Cows are given more rights than women in many parts of the world. Even though they constitute half the population, women's very existence can be under threat from the time they are in the womb, especially in regions where people kill or abandon baby girls. Here are sixteen reasons why empowering women will make the world a better place in 2016:
1.Recently in India a man was lynched based on a rumor that he consumed beef over the Eid holiday, yet there is seldom that much outrage when a man rapes or sexually assaults a woman. In India the punishment for possession of beef is imprisonment for five years whilst, until December 2015, there was no punishment for marital rape.
2.In Kenya, a man can be killed for running over a cow or sexually assaulting it but in 2013, three men who were part of a group responsible for raping a 16-year-old girl were only sentenced to cutting grass . Following a global campaign for justice, the men are now in prison but the girl, known as Liz, has been forced into hiding and depends on witness protection.
3.In Saudi Arabia last year, the victim of a violent gang rape was sentenced to 200 lashes and six months in jail for the crime of indecency and speaking to the press.
4.A Youth Minister in Uganda went on record to say a woman who is indecently dressed and raped should face charges and the perpetrator should be set free.
5.A man in South Africa escaped a 10 year jail sentence for sexually assaulting an 11-year-old girl because the judge didn't find him guilty of a more severe crime.
6.We know that educating girls is the best investment in a country's development. Not only does it empower her but also equips her with essential life skills, the ability to participate effectively in society, helps build self-confidence which has critical development benefits, including preventing sexual exploitation and reducing HIV/AIDS.
7.Every ten minutes globally an adolescent girl dies as a result of violence.
8.A study found that for every additional year of education women of reproductive age received, their children were almost 10% less likely to die.
9.An estimated 133 million girls and women have experienced genital mutilation, causing psychological consequences as well as severe physical injuries.
10.More often than not, women and girls are deprived of access to basic rights like education, healthcare, finance and participation in decision-making processes. Not only are these gross violations of human rights, but discriminating against women and girls makes little sense.
11.Around 250 million married women today were married before the age of 15, which has a huge impact on maternal and child health.
12.Women are the key to social and economic progress. They comprise a significant half of the workforce in the world and are the economic drivers of society. They should be given equal opportunity to be in every job field and to be leaders. A report found that investing in girls, so that they would complete the next level of education, would lead to lifetime earnings equivalent to up to 68% of annual GDP.
13.There has been progress towards the Millennium Development Goals directly affecting women but it has been uneven across regions and countries, leaving significant gaps, as the World Economic Forum's recently released Global Gender Gap Report details.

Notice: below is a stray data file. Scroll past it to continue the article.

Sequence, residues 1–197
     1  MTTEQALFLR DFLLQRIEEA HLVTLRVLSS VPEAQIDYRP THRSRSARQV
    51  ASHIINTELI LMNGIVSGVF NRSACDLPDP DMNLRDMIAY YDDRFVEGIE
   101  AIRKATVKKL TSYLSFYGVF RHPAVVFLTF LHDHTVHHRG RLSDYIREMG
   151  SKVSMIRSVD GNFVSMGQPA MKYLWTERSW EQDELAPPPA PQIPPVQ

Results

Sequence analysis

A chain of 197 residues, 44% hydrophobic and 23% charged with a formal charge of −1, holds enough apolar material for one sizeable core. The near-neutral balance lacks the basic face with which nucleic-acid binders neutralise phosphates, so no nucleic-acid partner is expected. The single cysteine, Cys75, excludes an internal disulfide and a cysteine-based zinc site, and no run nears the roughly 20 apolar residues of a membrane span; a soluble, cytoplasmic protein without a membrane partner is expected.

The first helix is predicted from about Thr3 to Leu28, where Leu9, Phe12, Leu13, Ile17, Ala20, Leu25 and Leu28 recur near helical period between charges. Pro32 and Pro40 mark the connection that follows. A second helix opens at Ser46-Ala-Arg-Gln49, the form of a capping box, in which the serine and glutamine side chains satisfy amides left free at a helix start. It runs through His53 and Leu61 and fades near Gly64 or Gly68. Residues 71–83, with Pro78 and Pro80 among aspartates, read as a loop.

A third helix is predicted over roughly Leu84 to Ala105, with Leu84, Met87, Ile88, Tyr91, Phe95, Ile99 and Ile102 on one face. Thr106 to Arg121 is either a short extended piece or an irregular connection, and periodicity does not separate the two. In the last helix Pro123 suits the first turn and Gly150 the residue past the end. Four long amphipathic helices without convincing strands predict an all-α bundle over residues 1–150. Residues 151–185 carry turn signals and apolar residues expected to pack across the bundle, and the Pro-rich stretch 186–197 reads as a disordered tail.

14.A four-decade, 70 country study on sexual violence commissioned by the World Bank shows that the mobilisation of local grassroots groups is more important for positive change, even more so than the wealth of a nation or the national policies of a nation.
15.Recently the Canadian government followed the example of countries such as Rwanda and Liberia in ensuring gender representation in the cabinet at the senior levels of government. Why can't every other government follow suit?
16.If there was no employment or wage gap between women and men, it is calculated that women could increase their income globally by up to 76%.
Combined with important grassroots efforts, no doubt once there are more women in leadership roles, the value of a woman's life will no longer be treated as less than that of a cow. We have seen this first-hand in our work. We come from countries across Africa and Asia and are doing what we can to improve women's rights in a variety of ways:
•Kusum Thapa, Nepal, is an obstetrician and gynaecologist working to reduce preventable deaths of women and children, whether in pregnancy and childbirth or through violence and human rights abuses.
•Kopano Mabaso is a South African medical doctor focused on the strengthening of health systems - she is currently undertaking a PhD in Population Health at the University of Oxford as a Rhodes Scholar.
•Samuel Kargbo is overseeing the post-Ebola recovery strategy in Sierra Leone in his role as Director of Health Systems, Policy, Planning and Information in the Ministry of Health.
•ElsaMarie D'Silva, through her Safecity crowd map in India, provides a platform for women and girls to document sexual violence in public spaces.
•Relebohile Moletsane is the J.L. Dube Chair in Rural Education at the University of KwaZulu-Natal.
•Misan Rewane is the CEO and Co-Founder of West Africa Vocational Education (WAVE), preparing young women to take up skilled jobs.
•Jamila Abass is a young Kenyan software developer and entrepreneur is the founder and CEO of the social business MFarm, an app which gives small scale farmers more bargaining power.
•Esther Ngumbi is a Kenyan post-doctoral researcher at the Department of Entomology and Plant Pathology at Auburn University, Alabama, also serving as a 2015 Clinton Global University Mentor for Agriculture.